Wow. Just when I think I can't stand to see another word on this topic, there it is.
Here I am, looking around for Reuben's blog to try to find the stuff about SLURL. I'm still not getting how to hook that up with photobucket BTW if anyone has figured that out (or any MyServer sort of thing). So I'm googling and clicking and all of a sudden I see a section in Wikopedia entitled:
"Feted Inner Core"
As a subset of the article on Second Life as a whole, a link within "issues and criticisms".
I have little use for Wikopedia, which I view as the tool of lazy and biased journalists. It very much has a cultish feeling about it, and it was founded and run by an Ayn Randian, turns out (*shudders*).
The article is curious, like all things Wikopedia, written and edited by many hands. I have no idea who put their hand to all this, certainly not me.
Curious because it gets the original story all wrong (those of us well-steeped in the legend by now know all about the Starax kitsch statue in the water in front of the view at Ravenglass and the Pahoa Jade defensive refusal to address the issue and publication of a rant directed against one person in the forums -- which was left to fester by forums moderators for days -- weeks -- it's still there).
But then, in the concise way of those outside the problem better able to study it, the article gets right to the point about the media coverage; the Wells Fargo deal; the Infonet deal. Three instances of supporting documentation for the premise.
Nevertheless, some hysterical force has gone to work trying to get this article deleted. There is a note that it is slated for deletion, and a rash of busybodies explaining how it is "not encyclopedic" and "conspiracy theory". Geez. Well, it was never a conspiracy; it was merely a decription of what was in plain sight LOL. Everybody knows that.
Thinking there might be an issue someday of "What Wikopedia Erases," I thought I'd preserve the entry here for posterity. If you're able to work the edit levers of Wikopedia, go and add your 2 cents -- I did.
Feted Inner Core
From Wikipedia, the free encyclopedia
The Feted Inner Core (also known as the Fetid Inner Core) is a conspiracy theory that exists among certain players of the computer game Second Life. It argues that certain groups of players use their relationship with the staff of Linden Lab, the game providers, to obtain favours that advantage their in-game businesses at the disadvantage of others. Since businesses within Second Life can be run for real-world money - the game's currency, Linden dollars, has a maintained exchange rate with the US dollar - this is considered a significant danger.
The majority of players of Second Life are unaware of the existence of the theory; many others believe that it is simply incorrect. Some believe that some players are favoured by Linden Lab but have earned this through hard work and providing good services; others acknowledge this but still considered it to be a bad thing on the grounds that favouring those who have worked hard in the past may discourage others from working hard in the future (since the favours are already gone). Others believe it to be literally correct. Some players are offended by it, and some satiricially embrace it; a "FIC" website has been created bearing a logo, and badges showing the logo have been worn by some players in-game and displayed at some invents.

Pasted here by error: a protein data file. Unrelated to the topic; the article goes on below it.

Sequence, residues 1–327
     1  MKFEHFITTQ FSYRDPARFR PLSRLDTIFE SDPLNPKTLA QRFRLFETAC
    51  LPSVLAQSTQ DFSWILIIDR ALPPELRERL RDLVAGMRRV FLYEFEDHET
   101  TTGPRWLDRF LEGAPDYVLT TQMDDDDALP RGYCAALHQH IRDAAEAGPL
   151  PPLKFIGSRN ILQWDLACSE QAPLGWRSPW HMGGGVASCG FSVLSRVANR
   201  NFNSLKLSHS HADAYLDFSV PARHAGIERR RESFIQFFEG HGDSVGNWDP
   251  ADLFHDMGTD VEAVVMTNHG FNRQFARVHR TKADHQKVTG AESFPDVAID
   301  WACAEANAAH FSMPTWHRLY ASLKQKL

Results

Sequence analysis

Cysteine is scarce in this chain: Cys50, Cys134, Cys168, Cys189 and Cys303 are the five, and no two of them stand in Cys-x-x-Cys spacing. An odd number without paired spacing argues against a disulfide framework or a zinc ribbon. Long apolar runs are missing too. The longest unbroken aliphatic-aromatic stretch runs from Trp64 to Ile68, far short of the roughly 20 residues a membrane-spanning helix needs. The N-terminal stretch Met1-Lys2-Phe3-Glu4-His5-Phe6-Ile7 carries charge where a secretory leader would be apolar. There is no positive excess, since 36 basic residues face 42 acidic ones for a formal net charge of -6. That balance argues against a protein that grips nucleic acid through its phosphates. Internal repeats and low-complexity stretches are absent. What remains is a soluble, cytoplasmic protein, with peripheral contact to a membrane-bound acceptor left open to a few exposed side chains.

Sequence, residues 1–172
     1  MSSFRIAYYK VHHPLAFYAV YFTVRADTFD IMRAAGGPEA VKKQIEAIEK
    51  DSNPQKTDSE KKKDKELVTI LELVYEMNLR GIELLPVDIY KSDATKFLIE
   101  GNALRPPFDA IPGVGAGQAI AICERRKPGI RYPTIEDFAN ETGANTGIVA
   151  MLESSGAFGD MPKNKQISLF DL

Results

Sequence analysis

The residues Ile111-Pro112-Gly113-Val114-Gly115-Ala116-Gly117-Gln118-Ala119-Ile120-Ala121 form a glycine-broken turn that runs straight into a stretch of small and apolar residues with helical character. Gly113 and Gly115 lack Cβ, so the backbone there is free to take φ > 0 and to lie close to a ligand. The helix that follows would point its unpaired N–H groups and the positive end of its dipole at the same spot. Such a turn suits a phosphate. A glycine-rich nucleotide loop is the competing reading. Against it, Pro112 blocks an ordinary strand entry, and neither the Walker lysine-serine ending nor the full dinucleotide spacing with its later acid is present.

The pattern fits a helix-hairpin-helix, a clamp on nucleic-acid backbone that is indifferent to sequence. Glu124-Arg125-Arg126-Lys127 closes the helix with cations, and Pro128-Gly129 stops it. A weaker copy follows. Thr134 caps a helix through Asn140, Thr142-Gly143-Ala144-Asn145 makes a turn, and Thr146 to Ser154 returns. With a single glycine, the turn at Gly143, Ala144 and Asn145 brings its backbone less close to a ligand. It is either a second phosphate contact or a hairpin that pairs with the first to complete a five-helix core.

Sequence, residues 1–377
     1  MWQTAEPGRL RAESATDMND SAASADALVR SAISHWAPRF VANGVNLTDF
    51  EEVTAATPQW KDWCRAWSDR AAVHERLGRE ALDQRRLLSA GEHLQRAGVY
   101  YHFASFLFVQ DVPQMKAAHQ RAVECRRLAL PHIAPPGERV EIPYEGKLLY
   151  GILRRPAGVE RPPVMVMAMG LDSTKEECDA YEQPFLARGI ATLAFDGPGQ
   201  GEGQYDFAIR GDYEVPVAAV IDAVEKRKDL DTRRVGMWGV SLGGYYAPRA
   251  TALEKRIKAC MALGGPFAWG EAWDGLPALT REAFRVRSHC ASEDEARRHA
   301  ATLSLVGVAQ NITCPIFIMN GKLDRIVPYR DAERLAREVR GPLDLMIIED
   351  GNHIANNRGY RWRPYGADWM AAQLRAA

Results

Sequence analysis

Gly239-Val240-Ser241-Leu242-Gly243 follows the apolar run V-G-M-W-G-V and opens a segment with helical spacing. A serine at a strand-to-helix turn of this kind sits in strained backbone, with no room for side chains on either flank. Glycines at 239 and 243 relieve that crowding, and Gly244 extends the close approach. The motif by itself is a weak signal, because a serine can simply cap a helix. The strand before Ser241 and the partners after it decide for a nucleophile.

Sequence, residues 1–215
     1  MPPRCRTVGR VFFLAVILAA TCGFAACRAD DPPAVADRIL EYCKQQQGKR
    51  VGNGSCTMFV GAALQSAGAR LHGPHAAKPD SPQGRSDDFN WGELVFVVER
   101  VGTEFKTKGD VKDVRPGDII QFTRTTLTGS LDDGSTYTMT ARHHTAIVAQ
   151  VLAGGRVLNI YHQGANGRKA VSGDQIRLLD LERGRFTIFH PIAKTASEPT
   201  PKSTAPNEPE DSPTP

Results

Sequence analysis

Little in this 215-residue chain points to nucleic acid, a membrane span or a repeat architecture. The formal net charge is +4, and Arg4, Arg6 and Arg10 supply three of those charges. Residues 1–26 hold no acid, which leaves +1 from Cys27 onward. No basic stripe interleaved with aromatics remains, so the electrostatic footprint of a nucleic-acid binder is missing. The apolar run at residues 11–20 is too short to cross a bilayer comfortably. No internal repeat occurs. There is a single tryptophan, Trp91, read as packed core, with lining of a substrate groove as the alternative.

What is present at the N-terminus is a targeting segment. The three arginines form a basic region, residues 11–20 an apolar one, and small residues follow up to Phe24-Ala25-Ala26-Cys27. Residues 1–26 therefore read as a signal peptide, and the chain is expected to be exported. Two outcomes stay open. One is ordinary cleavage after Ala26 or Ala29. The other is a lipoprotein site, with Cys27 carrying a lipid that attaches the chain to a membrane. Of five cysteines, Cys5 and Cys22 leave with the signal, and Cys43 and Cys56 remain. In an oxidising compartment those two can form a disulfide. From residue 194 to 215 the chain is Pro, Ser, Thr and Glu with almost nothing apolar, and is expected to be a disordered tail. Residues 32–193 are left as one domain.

The term Feted Inner Core was coined by Prokofy Neva, who later denied that it was a conspiracy theory, claiming instead that it referred to a collection of phenomena that arose naturally from human group behaviour rather than a deliberate decision to conspire.
- The most common allegation of FIC is to do with placement in Second Life's external publicity; this was the original meaning of the Feted part of Feted Inner Core. Detractors argue that this grants a publicity advantage to the placed person's business that is unbeatable by any in-game means. Linden Lab have begun to operate an application system allowing any player to apply to be included in external publicity, but controversy still exists over images shown on the game's website, for which no clear selection process has been given. Defenders argue that images on the website are not significant publicity since the website is rarely visited by actual participants of the game.
- The second most common allegation is to do with provision of services requested by external agents. The most infamous case was one in which a contract for a large US dollar fee for the construction of an in-world area for the Wells Fargo bank was awarded directly to an existing building group rather than being available for anyone else. Defenders argue that this was necessary since going through a tender process would have slowed down Linden Lab's ability to fulfill Wells Fargo's request.
- Further allegations are raised with respect to grid-wide services, such as the InfoNet information distribution system, which was bought by Linden Lab from a private business within the game.